Wednesday, June 22, 2011

Worship vs. Social Justice?

When I arrived at seminary and my classmates started to ask me about my interests, they were surprised when I mentioned both social justice and liturgical arts. I wondered why, until I attended a church with a very strong social justice emphasis. This church wrote its own liturgy to meet its unique needs, but it eschewed more formal elements of standard UMC services like processionals/ recessionals, always saying the same words during communion (it liked improvisation), and even the usual expectation that everyone stay quiet during worship. It was a church that reached out to people who were homeless, mentally ill, had developmental disabilities, were deaf/blind, and who had been assaulted. The church was proud to welcome others just as they are, including any distractions that might come along with these guests.

I enjoyed my time at the church, but I missed some of the elements of liturgy that this church left out. Surely, I thought, United Methodists can conduct a church service that is beautiful and meaningful while still warmly welcoming those who are different. But some of my classmates seemed to think that embracing formal liturgy means a church has a cold atmosphere and strict behavioral guidelines.

A church doesn't have to have a formal liturgical style to decide that "outsiders" are too much trouble to tolerate, as Rachel Held Evans remarks in a recent blog post. It makes me so sad to read her story of a young man asked to leave worship because he has Cerebral Palsy. Rachel acknowledges how hard it is to welcome others, especially because they don't only disturb the decorum of services- they disturb our sense of self:

We have one place for the un-cool people (our ministries) and another place for the cool people (our church services). When we actually bump into one another, things can get awkward, so we try to avoid it... The truth is we’re all guilty of thinking we’re too cool for the least of these. Our elitism shows up when we forbid others from contributing art and music because we deem it unworthy of glorifying God, or when we scoot our family an extra foot or two down the pew when the guy with Aspergers sits down. Having helped start a church, I remember hoping that our hip guests wouldn’t be turned off by our less-than-hip guests.  For a second I forgot that in church, of all places, those distinctions should disappear. Some of us wear our brokenness on the inside, others on the outside. But we’re all broken. We’re all un-cool. We’re all in need of a Savior.

I wonder if perhaps the sense of decorum projected in formal liturgical church services has come to signify more than "the work of the people" (leitourgia). Perhaps it represents the way we like to view ourselves: proper, put-together, acceptable to others. But as Rachel points out, even if we're put-together on the outside, we might be a complete mess on the inside. We need to remember that liturgy does not exist to make us look good, or to make us acceptable to God. God already accepts us just the way we are.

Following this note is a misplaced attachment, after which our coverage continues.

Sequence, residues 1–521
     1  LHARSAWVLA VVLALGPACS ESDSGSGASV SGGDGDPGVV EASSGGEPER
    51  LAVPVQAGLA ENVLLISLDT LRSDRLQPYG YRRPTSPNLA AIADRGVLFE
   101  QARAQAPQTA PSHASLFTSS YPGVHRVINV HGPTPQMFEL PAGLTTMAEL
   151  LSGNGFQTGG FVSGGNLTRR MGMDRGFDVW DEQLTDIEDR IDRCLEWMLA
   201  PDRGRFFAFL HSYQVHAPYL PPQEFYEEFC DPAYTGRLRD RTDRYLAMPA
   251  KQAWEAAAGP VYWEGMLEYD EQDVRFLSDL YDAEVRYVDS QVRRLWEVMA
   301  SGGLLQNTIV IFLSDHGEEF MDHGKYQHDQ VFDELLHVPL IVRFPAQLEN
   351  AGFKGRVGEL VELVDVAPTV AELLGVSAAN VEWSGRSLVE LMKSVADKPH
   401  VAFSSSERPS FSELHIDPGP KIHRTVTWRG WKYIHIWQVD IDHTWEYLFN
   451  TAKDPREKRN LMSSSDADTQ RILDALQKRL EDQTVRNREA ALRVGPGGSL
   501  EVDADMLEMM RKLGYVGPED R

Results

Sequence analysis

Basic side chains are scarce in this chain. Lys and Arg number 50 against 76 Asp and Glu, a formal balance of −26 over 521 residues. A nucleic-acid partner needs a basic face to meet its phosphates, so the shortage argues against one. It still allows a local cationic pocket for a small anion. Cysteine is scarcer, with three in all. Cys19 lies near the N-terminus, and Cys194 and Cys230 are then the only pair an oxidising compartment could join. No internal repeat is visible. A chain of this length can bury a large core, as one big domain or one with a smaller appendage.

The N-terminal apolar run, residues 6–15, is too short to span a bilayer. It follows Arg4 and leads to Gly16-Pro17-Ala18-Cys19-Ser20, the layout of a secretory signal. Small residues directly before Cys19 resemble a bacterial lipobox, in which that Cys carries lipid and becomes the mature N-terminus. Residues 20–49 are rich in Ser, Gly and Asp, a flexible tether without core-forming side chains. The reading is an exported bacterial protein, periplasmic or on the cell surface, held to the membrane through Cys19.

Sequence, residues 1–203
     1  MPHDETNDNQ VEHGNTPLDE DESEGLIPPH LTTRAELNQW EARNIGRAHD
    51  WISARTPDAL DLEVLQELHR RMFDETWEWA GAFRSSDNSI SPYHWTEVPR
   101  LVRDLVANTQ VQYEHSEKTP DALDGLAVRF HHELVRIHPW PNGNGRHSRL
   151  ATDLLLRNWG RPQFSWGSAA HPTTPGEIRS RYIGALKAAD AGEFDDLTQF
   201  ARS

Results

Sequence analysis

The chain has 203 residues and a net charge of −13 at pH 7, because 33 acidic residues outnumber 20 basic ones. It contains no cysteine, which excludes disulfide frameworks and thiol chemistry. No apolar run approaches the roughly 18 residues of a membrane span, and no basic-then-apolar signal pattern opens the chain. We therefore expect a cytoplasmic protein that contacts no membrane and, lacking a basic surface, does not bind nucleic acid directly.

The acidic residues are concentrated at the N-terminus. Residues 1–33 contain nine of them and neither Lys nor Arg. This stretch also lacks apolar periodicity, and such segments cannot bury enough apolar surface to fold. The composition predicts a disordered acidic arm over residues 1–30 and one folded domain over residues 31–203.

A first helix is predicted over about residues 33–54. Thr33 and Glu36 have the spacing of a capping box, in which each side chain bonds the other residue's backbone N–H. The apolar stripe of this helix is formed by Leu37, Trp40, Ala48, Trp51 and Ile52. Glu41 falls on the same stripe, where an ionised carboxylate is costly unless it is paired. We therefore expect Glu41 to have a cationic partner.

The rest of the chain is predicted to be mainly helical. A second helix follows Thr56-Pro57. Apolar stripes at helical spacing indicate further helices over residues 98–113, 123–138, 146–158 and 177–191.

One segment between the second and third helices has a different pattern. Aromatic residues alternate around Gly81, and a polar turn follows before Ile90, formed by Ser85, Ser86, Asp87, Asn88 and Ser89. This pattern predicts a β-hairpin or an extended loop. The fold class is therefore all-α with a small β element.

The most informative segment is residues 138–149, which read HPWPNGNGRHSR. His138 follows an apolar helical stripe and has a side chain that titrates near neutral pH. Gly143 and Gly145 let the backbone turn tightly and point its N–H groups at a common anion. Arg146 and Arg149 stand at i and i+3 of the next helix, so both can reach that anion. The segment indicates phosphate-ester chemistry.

Liturgy, as "the work of the people," is our communal response to God. In a word, it's worship. We are not truly worshiping God when we try to put up an attractive front for others. We are freed for true worship when we stop trying to keep up appearances (including "decorum" in church) and come to God just as we are. When we are fully present in worship- in all that we are, good and bad- we are better able to experience God's love and show God's love to newcomers.

However we worship, we have the opportunity to shed our pretenses and be open to God and to others. Here in Boston, the Paulist Center is a Roman Catholic parish that does a great job of doing formal worship well, and also being a warm and welcoming community. Even though the words spoken and the symbols used are in "High" liturgical style, they are spoken with a warm tone of voice and signified with an open posture. I felt so welcome when I visited, even though as a Protestant I could not fully participate in the service. My experience at the Paulist Center helped me realize that social justice and hospitality do not need to be sacrificed for a beautiful worship service.

Both social justice work and well-executed liturgy are responses to God's love for us. God reaches out to us in so many ways in our everyday lives, and we can respond to God in many ways. The fluid, dignified movements of a pastor in worship and the simple movement of sharing a sandwich or a handshake are really the same movement on the inside: our hearts are moving toward God. And in turn, we are called to show God to others- through our actions in worship and through our service to the community.

Have you ever found it difficult to welcome someone in church who is somehow different? How do different worship styles help you feel close to God?

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